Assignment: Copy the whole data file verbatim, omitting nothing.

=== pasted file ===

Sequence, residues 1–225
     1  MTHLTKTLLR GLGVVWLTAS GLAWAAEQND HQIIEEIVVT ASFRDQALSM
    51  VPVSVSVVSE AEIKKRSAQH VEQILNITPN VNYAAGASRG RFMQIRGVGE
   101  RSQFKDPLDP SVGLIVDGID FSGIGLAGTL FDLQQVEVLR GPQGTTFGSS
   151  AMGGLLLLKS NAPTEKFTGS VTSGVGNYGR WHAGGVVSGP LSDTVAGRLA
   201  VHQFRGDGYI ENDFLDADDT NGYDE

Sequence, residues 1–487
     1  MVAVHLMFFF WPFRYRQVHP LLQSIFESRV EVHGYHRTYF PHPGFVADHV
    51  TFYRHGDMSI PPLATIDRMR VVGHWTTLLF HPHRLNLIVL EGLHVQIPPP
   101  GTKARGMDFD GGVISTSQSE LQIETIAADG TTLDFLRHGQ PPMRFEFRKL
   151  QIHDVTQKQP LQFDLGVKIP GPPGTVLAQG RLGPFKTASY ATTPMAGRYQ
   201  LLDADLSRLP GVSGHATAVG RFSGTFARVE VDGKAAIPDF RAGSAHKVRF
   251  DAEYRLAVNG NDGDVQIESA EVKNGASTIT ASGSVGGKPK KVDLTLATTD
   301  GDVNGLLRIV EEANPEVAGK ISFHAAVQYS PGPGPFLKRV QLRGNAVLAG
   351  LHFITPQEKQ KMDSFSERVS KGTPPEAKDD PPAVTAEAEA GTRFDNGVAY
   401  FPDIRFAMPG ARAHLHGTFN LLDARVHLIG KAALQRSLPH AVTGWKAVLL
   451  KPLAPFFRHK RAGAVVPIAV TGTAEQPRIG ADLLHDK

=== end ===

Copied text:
Sequence, residues 1–225
     1  MTHLTKTLLR GLGVVWLTAS GLAWAAEQND HQIIEEIVVT ASFRDQALSM
    51  VPVSVSVVSE AEIKKRSAQH VEQILNITPN VNYAAGASRG RFMQIRGVGE
   101  RSQFKDPLDP SVGLIVDGID FSGIGLAGTL FDLQQVEVLR GPQGTTFGSS
   151  AMGGLLLLKS NAPTEKFTGS VTSGVGNYGR WHAGGVVSGP LSDTVAGRLA
   201  VHQFRGDGYI ENDFLDADDT NGYDE

Sequence, residues 1–487
     1  MVAVHLMFFF WPFRYRQVHP LLQSIFESRV EVHGYHRTYF PHPGFVADHV
    51  TFYRHGDMSI PPLATIDRMR VVGHWTTLLF HPHRLNLIVL EGLHVQIPPP
   101  GTKARGMDFD GGVISTSQSE LQIETIAADG TTLDFLRHGQ PPMRFEFRKL
   151  QIHDVTQKQP LQFDLGVKIP GPPGTVLAQG RLGPFKTASY ATTPMAGRYQ
   201  LLDADLSRLP GVSGHATAVG RFSGTFARVE VDGKAAIPDF RAGSAHKVRF
   251  DAEYRLAVNG NDGDVQIESA EVKNGASTIT ASGSVGGKPK KVDLTLATTD
   301  GDVNGLLRIV EEANPEVAGK ISFHAAVQYS PGPGPFLKRV QLRGNAVLAG
   351  LHFITPQEKQ KMDSFSERVS KGTPPEAKDD PPAVTAEAEA GTRFDNGVAY
   401  FPDIRFAMPG ARAHLHGTFN LLDARVHLIG KAALQRSLPH AVTGWKAVLL
   451  KPLAPFFRHK RAGAVVPIAV TGTAEQPRIG ADLLHDK